Presented by: The Allen and Joan Bildner Center for the Study of Jewish Life with support from the Karma Foundation
The following critically acclaimed, international dramatic and documentary films were featured at the 2001 Rutgers New Jersey Jewish Film Festival:
Against a background of holocaust memories, a liberal Jewish girl becomes the nanny to a retarded strict Jewish young boy, and grows fond of him.
Divided We Fall
In World War II Nazi occupied Czechoslovakia, a childless couple, Josef and Marie Cizek, can only watch while the Jewish family of their employers, the Wieners, are first removed from their own home to a spare room in their house by the Nazis, then removed to the far off facility of Thierenstadt. Years later, young David Wiener, the sole surviving member of that family has managed to escape and make it to the Cizeks. Although fully aware of the extreme danger of harbouring a Jew in the Third Reich, the Cizek's can not permit themselves to leave David to certain death and agree to hide him. However, this decision leads to terrible danger of discovery by the Nazis and especially their friend and Nazi collaborator, Horst Prohazka, who is attracted to Marie. With desperate cleverness and luck, the Cizeks struggle to keep the secret, even when Horst begins to suspect. In doing so, they find themselves making unorthodox choices and learning about the true nature of the people around them.
A psychological adventure unfolds as two friends take a risky road trip into the past. Together they revisit scenes of romance and humor, of narrow escapes and life-or-death confrontations. But their journey home becomes a contentious clash of personalities that will ultimately take their friendship to the brink of collapse. Two unconventional 70-year olds, Arnost Lustig and Jan Wiener, set out to revisit the Europe of their childhoods. But the two friends are only partially right: the trip will take take them on an original and unorthodox exploration of the Holocaust, revealing moments of joie de vivre, fighting spirit, romance and humor. It is, however, not nearly as pleasant a journey as they had expected.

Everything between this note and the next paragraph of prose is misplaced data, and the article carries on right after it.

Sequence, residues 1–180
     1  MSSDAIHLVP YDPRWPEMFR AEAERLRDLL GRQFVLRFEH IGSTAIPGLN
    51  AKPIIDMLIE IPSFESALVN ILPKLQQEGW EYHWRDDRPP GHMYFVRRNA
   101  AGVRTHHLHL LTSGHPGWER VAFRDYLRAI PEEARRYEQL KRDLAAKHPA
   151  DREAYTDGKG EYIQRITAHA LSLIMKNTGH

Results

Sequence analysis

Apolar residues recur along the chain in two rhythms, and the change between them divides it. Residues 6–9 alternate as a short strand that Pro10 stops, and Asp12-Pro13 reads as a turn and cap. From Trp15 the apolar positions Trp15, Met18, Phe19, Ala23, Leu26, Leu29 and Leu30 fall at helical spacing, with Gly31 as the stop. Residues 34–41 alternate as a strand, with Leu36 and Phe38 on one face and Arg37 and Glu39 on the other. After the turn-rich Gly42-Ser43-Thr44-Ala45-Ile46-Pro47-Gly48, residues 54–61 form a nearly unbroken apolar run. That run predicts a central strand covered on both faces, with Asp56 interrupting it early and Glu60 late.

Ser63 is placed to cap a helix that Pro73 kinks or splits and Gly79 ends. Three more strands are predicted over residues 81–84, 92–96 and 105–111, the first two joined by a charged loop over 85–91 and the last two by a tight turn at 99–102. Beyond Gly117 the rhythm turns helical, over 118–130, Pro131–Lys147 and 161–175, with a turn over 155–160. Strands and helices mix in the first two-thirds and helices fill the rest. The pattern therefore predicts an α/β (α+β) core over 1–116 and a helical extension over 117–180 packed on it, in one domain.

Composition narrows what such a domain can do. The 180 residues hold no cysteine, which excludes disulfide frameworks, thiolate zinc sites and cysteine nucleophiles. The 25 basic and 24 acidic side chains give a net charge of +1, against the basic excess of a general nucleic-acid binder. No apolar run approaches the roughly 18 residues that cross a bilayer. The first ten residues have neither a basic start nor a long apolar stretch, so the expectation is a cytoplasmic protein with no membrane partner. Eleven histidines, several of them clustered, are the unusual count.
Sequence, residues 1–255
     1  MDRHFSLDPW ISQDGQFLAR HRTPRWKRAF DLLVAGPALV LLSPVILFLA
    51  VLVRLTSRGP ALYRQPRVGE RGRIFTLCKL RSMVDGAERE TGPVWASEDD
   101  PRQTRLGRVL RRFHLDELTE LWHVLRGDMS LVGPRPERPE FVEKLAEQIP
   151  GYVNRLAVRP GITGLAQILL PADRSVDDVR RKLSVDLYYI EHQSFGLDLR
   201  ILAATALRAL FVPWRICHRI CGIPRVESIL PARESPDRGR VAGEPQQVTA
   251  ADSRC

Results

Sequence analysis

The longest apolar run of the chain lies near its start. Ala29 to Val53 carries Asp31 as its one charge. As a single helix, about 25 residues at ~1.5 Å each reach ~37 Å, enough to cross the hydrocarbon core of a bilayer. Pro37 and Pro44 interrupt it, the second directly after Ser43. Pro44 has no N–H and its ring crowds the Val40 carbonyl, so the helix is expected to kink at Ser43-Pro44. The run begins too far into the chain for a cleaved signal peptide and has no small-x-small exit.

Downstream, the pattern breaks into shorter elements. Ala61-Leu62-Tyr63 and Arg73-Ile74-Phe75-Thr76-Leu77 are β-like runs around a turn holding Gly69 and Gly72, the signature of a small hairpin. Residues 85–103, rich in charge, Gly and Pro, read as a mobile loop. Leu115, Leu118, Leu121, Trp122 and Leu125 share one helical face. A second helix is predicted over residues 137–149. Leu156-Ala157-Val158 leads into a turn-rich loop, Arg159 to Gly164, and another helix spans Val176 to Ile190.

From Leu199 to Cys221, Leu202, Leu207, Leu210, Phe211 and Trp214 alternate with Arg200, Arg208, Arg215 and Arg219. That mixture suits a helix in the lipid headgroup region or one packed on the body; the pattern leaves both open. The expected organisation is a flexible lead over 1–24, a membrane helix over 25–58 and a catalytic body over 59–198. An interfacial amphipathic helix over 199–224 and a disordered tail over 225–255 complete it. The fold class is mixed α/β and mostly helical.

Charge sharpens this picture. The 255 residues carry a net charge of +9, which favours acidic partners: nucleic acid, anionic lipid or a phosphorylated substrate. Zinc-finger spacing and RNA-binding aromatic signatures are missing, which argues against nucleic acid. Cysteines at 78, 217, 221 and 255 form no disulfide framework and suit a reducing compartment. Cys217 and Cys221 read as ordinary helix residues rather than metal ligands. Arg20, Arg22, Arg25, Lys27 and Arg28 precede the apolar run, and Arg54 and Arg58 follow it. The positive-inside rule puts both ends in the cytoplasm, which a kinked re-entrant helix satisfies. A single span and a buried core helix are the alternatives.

Time of Favor
Is today's fanaticism tomorrow's policy? In a West Bank settlement, Rabbi Meltzer has a grand design: he's building a movement "to pray at the Temple Mount." His yeshiva has scholars, and the settlement is getting its own military company to be commanded by Menachem, a disciple of the rabbi. He also wants his daughter, Michal, to marry Pini, the yeshiva's best scholar. Michal has no interest in Pini, but she is attracted to Menachem. When she rebuffs Pini, he hatches a bold and secret plan. Is jealousy the motivation or something else? Meanwhile, the army and Moussad are closely watching the rabbi's activities and Menachem's military training. Who is trustworthy?
Trembling Before G-d
Trembling Before G-d is an unprecedented feature documentary that shatters assumptions about faith, sexuality, and religious fundamentalism. Built around intimately-told personal stories of Hasidic and Orthodox Jews who are gay or lesbian, the film portrays a group of people who face a profound dilemma - how to reconcile their passionate love of Judaism and the Divine with the drastic Biblical prohibitions that forbid homosexuality. As the film unfolds, we meet a range of complex individuals - some hidden, some out - from the world's first openly gay Orthodox rabbi to closeted, married Hasidic gays and lesbians to those abandoned by religious families to Orthodox lesbian high-school sweethearts.